The effect of IH on the rate of elimination of CO11 and volatile anesthetics9 from the blood has been reported in just the last two decades. However, almost a century ago Hunter and Mudd reported an increase in the rate of reduction of blood ethanol levels in a single subject following CO2-stimulated hyperpnea8. They did not appreciate the first order kinetics of the ethanol elimination from the few measurements they performed; however, their data (Fig. 4) otherwise appears remarkably similar to our Fig. 1. Our study extends their observations by the first demonstration of (a) the superimposition of an exponential elimination pathway on the saturated enzymatic ethanol metabolism; (b) the effect size via the veno-arterial ethanol concentration gradient; and (c) the use of CO2 in the form of IH to support (rather than drive) the hyperpnea.

Figure 4
figure 4

Blood alcohol concentration after ingestion in a test subject with and without administration of CO2. “The solid line representing the blood alcohol concentration on the first day when no carbon dioxide was given, and the broken line the concentration on the second day when carbon dioxide was administered. The shaded area at the bottom of the chart shows the time during which carbon dioxide was given on this day.” (From Ref.8, Copyright (1924) Massachusetts Medical Society. Reprinted with permission from Massachusetts Medical Society.).

The reason hyperpnea as a form of treatment for ethanol intoxication has been neglected over the last century may be that the effect size of IH on ethanol clearance is counterintuitive, and thus, unexpected. Unlike CO, which is confined to the blood compartment, ethanol is highly water soluble and thus distributes to a much greater extent into interstitial and intracellular fluid. This aspect may have suggested to some that it would have a reduced tendency to cross into the gas phase in the alveoli. Our study showed that nevertheless, in practice, IH markedly increases ethanol elimination. IH is effective because, rather than the blood/gas partition coefficient, it is the vapor pressure of the gas that determines the volume percent concentration achievable in the alveolar gas phase which also determines mass transfer into the gas phase and subsequent elimination from the lungs8. The vapor pressure of ethanol (16 kPa) is of the same order of magnitude as that of sevoflurane (40 kPa), for which IH markedly shortens the time of recovery of consciousness in humans10. Hunter and Mudd also noted that methanol, which has an even higher vapor pressure than ethanol (30.7 kPa at 37 °C), should also have a greater elimination rate with IH8. Should preclinical studies confirm such efficacy, the IH approach would fit well with the recent introduction of alcohol dehydrogenase inhibitors as a non-invasive treatment for methanol intoxication.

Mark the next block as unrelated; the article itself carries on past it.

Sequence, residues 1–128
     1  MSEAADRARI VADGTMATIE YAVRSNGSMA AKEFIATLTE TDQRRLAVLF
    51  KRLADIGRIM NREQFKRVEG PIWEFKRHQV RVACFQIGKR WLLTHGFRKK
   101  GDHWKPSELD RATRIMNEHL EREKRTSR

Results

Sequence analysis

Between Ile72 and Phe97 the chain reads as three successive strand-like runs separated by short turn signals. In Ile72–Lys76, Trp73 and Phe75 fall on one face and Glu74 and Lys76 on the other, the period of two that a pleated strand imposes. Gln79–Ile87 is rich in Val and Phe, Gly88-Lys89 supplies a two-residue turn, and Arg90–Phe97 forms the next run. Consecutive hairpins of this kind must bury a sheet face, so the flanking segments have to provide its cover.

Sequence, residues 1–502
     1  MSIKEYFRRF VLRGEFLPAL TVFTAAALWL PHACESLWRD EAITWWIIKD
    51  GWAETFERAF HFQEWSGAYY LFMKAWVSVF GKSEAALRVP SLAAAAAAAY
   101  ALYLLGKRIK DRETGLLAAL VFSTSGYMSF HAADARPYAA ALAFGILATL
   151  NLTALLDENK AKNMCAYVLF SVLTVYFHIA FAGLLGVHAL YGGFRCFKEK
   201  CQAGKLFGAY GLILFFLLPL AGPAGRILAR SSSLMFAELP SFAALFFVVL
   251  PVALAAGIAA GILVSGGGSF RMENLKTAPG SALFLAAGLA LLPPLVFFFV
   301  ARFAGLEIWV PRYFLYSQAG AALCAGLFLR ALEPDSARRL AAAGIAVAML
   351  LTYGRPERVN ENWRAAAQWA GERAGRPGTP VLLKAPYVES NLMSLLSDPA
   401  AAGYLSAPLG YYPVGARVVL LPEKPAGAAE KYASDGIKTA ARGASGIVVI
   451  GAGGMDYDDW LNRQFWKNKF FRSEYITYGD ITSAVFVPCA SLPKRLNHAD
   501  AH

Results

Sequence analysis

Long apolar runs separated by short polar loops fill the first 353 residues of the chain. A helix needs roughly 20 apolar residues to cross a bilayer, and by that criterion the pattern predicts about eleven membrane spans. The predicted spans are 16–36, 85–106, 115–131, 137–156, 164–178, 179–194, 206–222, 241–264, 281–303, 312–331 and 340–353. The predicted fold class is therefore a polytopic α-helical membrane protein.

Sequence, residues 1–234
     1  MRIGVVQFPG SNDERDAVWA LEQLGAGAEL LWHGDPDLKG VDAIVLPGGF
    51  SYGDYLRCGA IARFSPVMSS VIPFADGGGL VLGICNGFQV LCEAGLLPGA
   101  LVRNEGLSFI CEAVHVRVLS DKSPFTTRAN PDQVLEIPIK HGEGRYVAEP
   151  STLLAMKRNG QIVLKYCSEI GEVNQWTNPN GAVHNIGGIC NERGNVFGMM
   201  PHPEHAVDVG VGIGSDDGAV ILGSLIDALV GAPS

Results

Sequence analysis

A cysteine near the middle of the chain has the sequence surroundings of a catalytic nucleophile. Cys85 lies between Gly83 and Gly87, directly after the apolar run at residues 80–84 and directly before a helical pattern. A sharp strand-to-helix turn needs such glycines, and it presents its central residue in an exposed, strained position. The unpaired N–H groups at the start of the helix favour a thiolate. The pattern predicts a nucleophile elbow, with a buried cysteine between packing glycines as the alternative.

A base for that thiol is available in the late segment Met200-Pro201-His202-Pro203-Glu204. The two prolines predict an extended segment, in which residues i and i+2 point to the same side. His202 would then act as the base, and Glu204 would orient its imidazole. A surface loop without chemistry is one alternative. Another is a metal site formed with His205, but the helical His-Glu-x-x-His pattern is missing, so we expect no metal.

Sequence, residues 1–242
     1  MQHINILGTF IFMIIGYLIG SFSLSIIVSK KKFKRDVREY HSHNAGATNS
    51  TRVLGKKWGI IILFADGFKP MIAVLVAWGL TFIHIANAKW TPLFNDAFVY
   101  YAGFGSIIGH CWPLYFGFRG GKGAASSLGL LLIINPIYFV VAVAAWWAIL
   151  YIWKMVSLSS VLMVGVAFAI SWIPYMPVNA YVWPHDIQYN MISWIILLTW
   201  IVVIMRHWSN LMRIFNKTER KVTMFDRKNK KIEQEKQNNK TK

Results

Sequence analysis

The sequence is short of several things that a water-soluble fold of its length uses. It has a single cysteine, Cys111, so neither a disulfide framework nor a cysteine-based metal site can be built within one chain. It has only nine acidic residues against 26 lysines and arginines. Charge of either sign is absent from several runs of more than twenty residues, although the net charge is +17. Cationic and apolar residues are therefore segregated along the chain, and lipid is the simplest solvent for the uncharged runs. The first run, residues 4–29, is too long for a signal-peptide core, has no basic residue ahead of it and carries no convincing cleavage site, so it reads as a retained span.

Infusing CO2 into an open mask provides a variable stimulus, the effect of which depends on the state of consciousness of the patient, patient tolerance of hypercapnia, the presence of other drugs in the blood, and the chemoreceptor-induced ventilatory response to the CO2. The enabling technology for IH, which uses a pneumatic mechanism (no electronics or computers) to provide CO2 to inspired gas in the exact proportion to replace exhaled CO2 for any minute ventilation and breathing pattern, and thereby maintain constant arterial PCO2, has been known for just the past 20 years13. The hyperoxia-induced increases in minute ventilation and maintenance of isocapnia occur without distress or even conscious ventilatory effort on behalf of the patient14, 17. This functionality, and the ready availability of regulatory approved technology, make IH potentially rapidly adoptable to clinical management of problematic ethanol intoxications.